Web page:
RTE, the Irish public-service broadcaster, has extended and expanded its rights deal for European club soccer’s top-tier Uefa Champions League through to the end of the 2023-24 season.
RTE’s current three-year agreement to show the competition, struck in 2018, expires with this weekend's final between English clubs Manchester City and Chelsea, but the broadcaster has now renewed with Uefa and the Team Marketing agency for the next three campaigns.
Under the terms of the extension, RTE will again be able to show its pick of live matches from each Tuesday night and is adding the Champions League final and highlights from earlier in the competition.
RTE currently shares Champions League rights in Ireland with Virgin Media.
Guy Laurent-Epstein, Uefa’s marketing director, said: "UEFA is delighted to be continuing its long-standing partnership with RTE in the Republic of Ireland into the 201-24 cycle. The renewal ensures Irish football fans will continue to benefit from RTE’s high quality coverage.”
Declan McBennett, group head of RTE Sport, added: “Bringing Irish audiences the best sporting action free-to-air remains core to RTE Sport’s mission. The UEFA Champions League is recognised across the world as the premier club competition.”
The sales process for the 2021-24 rights cycle in Ireland began on 13 January, with broadcasters given until 11 February to submit bids.
Virgin Media also holds non-exclusive rights to the second-tier Europa League in Ireland.
BT Sport, the pay-television broadcaster that holds exclusive Uefa club competition rights in the UK, also broadcasts in Ireland, and has already renewed its deal for the next cycle.
Earlier this month, it was announced that Virgin and RTE were in long-form contract discussions with Six Nations Rugby to share rights to the top European national teams competition, which features Ireland, from the 2022 season onwards.
RTE has not shown Six Nations games live since 2017, with Virgin having held exclusive rights since then.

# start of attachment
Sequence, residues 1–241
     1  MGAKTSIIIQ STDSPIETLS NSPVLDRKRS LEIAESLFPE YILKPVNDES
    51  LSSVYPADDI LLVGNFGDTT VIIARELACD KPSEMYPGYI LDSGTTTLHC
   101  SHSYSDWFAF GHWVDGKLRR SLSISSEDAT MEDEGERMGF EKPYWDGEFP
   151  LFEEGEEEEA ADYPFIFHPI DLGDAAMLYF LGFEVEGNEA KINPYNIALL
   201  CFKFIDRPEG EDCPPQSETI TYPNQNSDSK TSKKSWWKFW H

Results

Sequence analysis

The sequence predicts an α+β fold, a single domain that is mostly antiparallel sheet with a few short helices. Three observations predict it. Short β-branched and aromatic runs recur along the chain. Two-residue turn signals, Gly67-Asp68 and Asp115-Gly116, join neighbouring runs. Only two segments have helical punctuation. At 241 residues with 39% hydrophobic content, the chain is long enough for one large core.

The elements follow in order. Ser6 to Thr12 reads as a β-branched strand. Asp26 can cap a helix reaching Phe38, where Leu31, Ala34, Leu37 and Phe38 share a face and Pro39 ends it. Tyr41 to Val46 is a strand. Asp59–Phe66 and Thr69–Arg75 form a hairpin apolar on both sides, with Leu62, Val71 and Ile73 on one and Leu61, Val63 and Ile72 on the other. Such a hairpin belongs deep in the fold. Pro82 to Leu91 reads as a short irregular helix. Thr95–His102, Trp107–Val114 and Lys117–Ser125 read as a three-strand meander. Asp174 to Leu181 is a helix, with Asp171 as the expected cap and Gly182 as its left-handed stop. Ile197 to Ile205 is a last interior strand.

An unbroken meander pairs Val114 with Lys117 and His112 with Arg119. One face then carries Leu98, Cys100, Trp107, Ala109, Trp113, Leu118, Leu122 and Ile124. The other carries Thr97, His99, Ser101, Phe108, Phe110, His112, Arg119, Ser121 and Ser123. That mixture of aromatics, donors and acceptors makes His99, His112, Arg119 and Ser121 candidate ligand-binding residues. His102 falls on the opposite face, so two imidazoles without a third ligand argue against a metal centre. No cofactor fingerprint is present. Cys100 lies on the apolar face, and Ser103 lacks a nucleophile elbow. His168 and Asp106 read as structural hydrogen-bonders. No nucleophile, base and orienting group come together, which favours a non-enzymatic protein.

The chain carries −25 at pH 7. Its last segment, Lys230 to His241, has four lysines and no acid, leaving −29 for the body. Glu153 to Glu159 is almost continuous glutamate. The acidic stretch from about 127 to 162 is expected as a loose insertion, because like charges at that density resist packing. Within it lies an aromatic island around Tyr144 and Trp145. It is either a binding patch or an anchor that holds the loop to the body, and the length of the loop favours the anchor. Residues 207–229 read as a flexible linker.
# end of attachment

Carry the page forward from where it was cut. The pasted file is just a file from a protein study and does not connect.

Meanwhile, senior executives at Uefa are said to be seriously considering plans to substantially alter the format of the final stages of the Champions League, with a Final Four incorporating two single-legged semi-finals and the final in one city in the same week from 2025 onwards.
The New York Times has reported that due to the success of last season’s knockout stages arrangement, in which three out of four quarter-finals, two single-leg semi-finals, and the final were all held over a short period of time in Libson, a similar format is being assessed as a permanent feature of the competition, potentially coming in for the 2024-25 season when a new rights cycle starts.
Last year’s Lisbon solution was only introduced due to travel-based and logistical restrictions in different countries around Europe caused by the coronavirus pandemic, but the New York Times has reported that it proved so popular with Uefa that the body is considering bringing it on a full-time basis.
The newspaper has cited several anonymous sources as saying the idea is under intense consideration, and that talks have been ongoing ever since the Lisbon experiment in early August last year, with data having shown television audiences remained stable during the week, and were unaffected by the altered format.
The idea would likely find favour amongst most of Europe’s domestic leagues, which regularly complain about the encroachment of Uefa competition fixtures on to their own calendars, and would prefer fewer Champions League games to be played in a more concentrated timeframe.
The plan would also involve concerts and other live entertainment events taking place in the host city over the week with the final to take place on a Saturday night.
After the week in Lisbon last year, Uefa’s president Alexander Ceferin indicated he preferred the single-leg format for the semi-finals, saying that if introduced permanently, the matches would be more attractive.